Caching Servers

For the top/front layer of your server architecture, i.e. your cache servers, it is also important to have a clear understanding of the scalability issues of TCP connections.

The first thing you may notice when putting load on your system, is that the cache server process runs out of file handles (if the start script does not increase the right kernel parameter). This is because the OS will use one file handle per connection (as this is what applications can relate to) and the default number of handles a given user process can create, (on many systems) is 1024. However, this is easily remedied with e.g. the ulimit -u command (on at least Linux and FreeBSD) or persistently using /etc/sysctl.conf (on Linux and FreeBSD) or /etc/system (on Solaris). The number of file handles can be cranked up to many hundred thousand and thus has no real limitation.

What is more interesting, is that the OS when creating the connection will create a connection from a local port to an anonymous port on the requesting host:

cache01:2323 -> ohterhost:1237

The port numbers are defined in the TCP protocol to be an unsigned 16bit number, yielding a maximum of 65535 ports available. Luckily, the local port number must not be unique across requesting hosts. Thus, the same port can be used for multiple connections to different IPs:

cache01:2323 -> ohterhost:1237
cache01:2323 -> yetanotherhost:4545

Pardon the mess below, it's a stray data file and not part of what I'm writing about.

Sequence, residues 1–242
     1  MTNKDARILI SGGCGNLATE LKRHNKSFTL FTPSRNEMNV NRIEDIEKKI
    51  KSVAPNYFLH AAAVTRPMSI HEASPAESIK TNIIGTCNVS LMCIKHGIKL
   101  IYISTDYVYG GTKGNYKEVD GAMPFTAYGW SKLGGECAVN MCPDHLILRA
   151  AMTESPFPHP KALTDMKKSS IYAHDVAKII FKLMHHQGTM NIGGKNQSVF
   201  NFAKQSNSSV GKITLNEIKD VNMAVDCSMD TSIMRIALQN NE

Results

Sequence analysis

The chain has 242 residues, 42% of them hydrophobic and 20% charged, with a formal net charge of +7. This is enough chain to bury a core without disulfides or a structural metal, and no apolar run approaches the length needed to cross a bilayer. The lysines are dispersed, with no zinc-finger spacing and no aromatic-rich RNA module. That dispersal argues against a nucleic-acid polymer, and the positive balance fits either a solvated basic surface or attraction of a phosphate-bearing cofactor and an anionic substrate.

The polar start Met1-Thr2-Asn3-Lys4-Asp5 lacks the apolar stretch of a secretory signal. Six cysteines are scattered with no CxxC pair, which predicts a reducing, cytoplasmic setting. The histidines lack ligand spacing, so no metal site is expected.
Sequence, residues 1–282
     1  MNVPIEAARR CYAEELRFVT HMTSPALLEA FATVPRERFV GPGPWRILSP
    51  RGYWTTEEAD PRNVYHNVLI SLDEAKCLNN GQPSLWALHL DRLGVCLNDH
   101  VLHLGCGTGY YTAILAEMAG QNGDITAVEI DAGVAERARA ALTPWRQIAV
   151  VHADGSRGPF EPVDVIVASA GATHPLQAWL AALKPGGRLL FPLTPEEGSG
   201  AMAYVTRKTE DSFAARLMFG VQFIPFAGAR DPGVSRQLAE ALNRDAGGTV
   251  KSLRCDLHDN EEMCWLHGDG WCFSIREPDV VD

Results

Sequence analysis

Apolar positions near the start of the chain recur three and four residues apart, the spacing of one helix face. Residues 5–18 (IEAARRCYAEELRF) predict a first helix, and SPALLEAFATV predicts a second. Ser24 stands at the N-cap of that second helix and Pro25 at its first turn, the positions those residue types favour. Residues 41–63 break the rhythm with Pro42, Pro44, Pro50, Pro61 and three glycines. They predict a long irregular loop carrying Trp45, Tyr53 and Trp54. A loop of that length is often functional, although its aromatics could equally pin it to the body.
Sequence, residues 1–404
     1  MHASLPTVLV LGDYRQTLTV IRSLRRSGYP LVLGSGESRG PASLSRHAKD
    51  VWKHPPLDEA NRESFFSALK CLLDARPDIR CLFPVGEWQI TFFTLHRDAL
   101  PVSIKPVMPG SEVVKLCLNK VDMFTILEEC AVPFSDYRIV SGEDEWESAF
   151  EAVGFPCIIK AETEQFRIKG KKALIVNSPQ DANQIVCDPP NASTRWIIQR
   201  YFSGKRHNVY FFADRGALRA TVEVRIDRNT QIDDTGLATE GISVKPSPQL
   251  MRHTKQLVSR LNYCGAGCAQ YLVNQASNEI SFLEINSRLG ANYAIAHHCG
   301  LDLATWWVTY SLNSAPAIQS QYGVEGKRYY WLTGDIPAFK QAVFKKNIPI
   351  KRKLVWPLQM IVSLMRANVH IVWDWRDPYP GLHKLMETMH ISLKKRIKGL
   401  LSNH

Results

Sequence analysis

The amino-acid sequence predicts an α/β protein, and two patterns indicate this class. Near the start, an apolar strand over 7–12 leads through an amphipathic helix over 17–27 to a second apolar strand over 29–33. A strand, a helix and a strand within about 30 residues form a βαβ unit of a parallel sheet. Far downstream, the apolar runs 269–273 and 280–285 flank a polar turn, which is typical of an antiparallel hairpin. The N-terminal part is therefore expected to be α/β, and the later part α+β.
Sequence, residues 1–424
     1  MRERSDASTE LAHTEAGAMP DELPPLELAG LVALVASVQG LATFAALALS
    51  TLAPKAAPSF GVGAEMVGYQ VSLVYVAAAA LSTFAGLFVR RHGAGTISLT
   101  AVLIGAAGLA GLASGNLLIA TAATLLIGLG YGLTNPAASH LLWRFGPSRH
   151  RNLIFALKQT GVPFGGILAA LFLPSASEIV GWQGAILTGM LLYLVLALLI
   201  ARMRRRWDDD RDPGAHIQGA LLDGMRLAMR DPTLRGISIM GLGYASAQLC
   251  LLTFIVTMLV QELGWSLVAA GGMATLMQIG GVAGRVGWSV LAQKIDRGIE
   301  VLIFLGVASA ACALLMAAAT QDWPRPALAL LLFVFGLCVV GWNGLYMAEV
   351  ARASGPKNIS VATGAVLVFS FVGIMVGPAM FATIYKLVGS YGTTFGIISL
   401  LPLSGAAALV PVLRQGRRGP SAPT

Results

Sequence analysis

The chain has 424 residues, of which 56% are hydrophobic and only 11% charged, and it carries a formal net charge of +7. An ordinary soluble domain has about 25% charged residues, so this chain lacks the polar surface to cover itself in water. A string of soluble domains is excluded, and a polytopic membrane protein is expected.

This means, that the maximum theoretical number of connections a cache server can handle, is (65535 - <number of ports reserved for system services, normally 1024>) * incoming IPs. For this to work as desired, it is important that the load balancer in front of the cache is fully transparent, exposing the incoming IP of the request to the cache server(s) and not the IP of the balancer itself.

To illustrate the last point, given the use case where three users are visiting your web site:

user1:2213 -> load-balancer:80 -> cache01:80
user2:1212 -> load-balancer:80 -> cache01:80    
user3:5333 -> load-balancer:80 -> cache01:80

It is important that that cache01 either sees the IPs of the requesting clients (user01, user02 and user03) and not the IP of the load balancer, this is the optimal situation, or different IPs from of load balancer.

The latter solution is somewhat a hack, but it also works; just adding an additional interface/IP to the load balancer and/or the cache server will generate an additional set of origin host/port and destination host/port combinations, which will also make the cache server handle more than 65535 connections.

However, if you can, go with the first option and make the load balancer transparent. Your cache server will then be able to handle as many TCP connection as your load balancer can pass on (given that your OS kernel manages to allocate and recycle enough TCP connections fast enough, of course).